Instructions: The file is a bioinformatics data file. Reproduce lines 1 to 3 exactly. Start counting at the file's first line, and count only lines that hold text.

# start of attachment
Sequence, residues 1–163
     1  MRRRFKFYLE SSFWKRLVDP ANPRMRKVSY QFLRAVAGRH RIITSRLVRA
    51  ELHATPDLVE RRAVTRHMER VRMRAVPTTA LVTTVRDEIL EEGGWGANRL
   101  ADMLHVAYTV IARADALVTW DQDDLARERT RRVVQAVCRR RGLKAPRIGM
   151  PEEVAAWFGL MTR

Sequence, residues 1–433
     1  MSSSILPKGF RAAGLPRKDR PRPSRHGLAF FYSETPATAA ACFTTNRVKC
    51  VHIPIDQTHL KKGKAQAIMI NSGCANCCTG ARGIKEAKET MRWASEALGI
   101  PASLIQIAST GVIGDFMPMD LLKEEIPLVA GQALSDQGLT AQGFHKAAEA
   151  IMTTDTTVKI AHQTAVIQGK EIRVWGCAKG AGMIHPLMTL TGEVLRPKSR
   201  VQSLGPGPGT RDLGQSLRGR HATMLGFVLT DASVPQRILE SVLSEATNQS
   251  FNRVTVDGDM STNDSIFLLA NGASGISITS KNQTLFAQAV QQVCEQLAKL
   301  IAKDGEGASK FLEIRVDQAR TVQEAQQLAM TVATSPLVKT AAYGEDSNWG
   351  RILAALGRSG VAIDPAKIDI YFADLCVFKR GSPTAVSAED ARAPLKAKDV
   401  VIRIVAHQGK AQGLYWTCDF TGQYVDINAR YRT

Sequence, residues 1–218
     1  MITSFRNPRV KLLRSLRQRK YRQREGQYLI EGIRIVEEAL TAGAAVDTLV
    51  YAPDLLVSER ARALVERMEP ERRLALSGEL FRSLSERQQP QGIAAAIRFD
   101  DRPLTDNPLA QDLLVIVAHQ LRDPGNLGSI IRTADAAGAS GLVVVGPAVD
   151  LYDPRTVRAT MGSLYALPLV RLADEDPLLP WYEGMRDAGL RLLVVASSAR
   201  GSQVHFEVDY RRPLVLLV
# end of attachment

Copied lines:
Sequence, residues 1–163
     1  MRRRFKFYLE SSFWKRLVDP ANPRMRKVSY QFLRAVAGRH RIITSRLVRA
    51  ELHATPDLVE RRAVTRHMER VRMRAVPTTA LVTTVRDEIL EEGGWGANRL